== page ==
Intheway1 2008-04-24 15:52:44
Click on the link for the article, which has a picture of the mannequin.
All Dolled Up in His Lounge and Shrine
July 23, 2003
By NEIL STRAUSS
NEW ORLEANS – The regulars at the Ernie K-Doe Mother-in-Law
Lounge call it a statue, and few have the heart to correct
them. It is actually a mannequin. Positioned regally in the
corner, it looks eerily like Ernie K-Doe, the eccentric
60’s rhythm-and-blues singer who ran this out-of-the-way
bar until his death two years ago.
The mannequin’s long black tresses are similar to his. (If
he indeed wore a wig as some fans claimed, this may be it.)
The outfits, changed regularly, are all clothes that he
wore onstage: ornate sequined and tasseled purple and pink
suits designed by his wife, an emperor’s crown, even socks.
And the glistening fingernails are oddly lifelike.
“The hands come off so I can take them across the street
for a manicure,” explained Antoinette K-Doe, his widow.
“It’s the same place Ernie used to go. I always said that
the only time Ernie left home was to go across the street
and get his nails manicured.”
She paused. “I like to keep him looking good now like he
did in life.”
When Mr. K-Doe died, of cancer of the esophagus at age 65,
many thought that also meant the end of his lounge, where
he had lived, held court and sung along with his CD’s on a
taxicab-dispatcher microphone behind the bar. (It was named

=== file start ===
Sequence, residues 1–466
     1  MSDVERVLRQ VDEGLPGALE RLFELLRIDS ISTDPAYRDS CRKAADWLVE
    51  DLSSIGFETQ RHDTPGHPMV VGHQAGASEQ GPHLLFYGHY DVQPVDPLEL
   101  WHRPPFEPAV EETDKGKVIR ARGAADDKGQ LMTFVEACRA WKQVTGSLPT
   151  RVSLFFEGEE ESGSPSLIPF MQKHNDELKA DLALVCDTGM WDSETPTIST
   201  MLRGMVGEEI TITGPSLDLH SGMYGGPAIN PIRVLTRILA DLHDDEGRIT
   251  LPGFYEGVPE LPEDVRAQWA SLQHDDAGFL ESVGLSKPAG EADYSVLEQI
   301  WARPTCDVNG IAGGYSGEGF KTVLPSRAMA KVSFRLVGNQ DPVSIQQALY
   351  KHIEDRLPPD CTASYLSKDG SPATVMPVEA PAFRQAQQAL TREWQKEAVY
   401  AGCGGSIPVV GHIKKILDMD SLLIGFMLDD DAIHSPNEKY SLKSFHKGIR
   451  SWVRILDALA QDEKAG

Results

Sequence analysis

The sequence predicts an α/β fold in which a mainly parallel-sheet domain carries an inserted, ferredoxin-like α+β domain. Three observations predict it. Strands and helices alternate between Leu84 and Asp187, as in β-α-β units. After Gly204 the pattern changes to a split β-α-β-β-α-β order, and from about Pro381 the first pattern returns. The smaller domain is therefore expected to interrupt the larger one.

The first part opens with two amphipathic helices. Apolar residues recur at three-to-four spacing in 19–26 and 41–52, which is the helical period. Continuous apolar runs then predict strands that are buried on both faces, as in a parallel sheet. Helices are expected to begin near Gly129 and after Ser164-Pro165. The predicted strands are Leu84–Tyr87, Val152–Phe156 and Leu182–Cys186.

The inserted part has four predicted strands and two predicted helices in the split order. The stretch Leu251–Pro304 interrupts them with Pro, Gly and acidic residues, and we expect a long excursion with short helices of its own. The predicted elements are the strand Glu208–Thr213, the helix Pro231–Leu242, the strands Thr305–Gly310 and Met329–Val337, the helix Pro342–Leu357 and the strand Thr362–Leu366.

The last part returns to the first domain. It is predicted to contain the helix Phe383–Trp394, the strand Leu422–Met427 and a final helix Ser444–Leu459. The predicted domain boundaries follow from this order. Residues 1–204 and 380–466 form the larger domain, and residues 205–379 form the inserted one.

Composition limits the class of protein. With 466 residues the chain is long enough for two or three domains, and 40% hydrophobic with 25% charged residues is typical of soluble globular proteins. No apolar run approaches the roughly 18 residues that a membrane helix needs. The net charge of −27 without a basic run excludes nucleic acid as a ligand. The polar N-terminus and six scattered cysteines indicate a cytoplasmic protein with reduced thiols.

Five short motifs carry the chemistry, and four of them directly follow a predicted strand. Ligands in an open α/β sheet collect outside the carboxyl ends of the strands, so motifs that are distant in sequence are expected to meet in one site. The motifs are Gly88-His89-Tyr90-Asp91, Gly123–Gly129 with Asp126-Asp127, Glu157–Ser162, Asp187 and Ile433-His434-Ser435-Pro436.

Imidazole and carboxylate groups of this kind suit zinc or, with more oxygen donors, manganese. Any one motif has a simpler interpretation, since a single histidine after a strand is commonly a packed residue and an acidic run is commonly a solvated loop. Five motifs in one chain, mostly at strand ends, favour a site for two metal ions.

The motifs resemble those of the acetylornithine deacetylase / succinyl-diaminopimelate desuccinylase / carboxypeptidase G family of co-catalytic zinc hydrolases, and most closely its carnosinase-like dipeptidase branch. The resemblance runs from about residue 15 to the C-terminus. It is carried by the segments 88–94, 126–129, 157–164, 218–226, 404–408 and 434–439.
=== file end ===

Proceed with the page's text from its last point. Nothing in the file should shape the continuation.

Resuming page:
after his biggest hit, “Mother-in-Law.”)
But his widow has kept the place alive, turning it into a
shrine to Mr. K-Doe, with the mannequin as the centerpiece.
One lounge regular, known as Quintron, an experimental
punk-funk organist who recently toured as an opening act
for the White Stripes, said the bar had become even more
exciting since Mr. K-Doe’s death. “And it’s because of
her,” he said, pointing to Ms. K-Doe. “She’s making Ernie
into the Elvis of New Orleans.”
In Mr. K-Doe’s immodest mind, he was a superstar, or as he
liked to put it, the Emperor of the Universe. At his
infamous appearance at the Rhythm and Blues Foundation
awards ceremony in New York in 1998, he told the crowd
(which included Stevie Wonder and Gladys Knight), “There
have only been five great artists in the history of rhythm
and blues – Ernie K-Doe, James Brown and Ernie K-Doe.”
In his own world of the lounge, the proceedings could get
even stranger: a trip there never failed to yield
adventure. Once he locked this reporter (and the
establishment’s patrons) in the bar after an interview and
summoned the police in an attempt to reclaim the interview
tape, which he thought had been used to bootleg his
Born Ernest Kador Jr., the son of a minister, he sang as a
teenager with gospel and church groups. In 1959 he began
working with the New Orleans producer and pianist Allen
Toussaint, who recorded “Mother-in-Law” with him in 1961.
The song hit No. 1 on the pop charts. Mr. K-Doe used to
tell patrons at his lounge that there were only three songs
that will last forever:
“Mother-in-Law,” the latter because “as long as there are
people on this earth, there will always be mother-in-laws.”
After a few smaller hits in the 60’s (one, “A Certain
Girl,” was covered by the Yardbirds), Mr. K-Doe faded away.
When Mr. K-Doe married Antoinette in 1994 – they renewed
their vows every year – he was at a personal and
professional low. But now he had found someone who could
help him rehabilitate his career and curb his alcoholism
(by helping him open a bar, of all things). He had also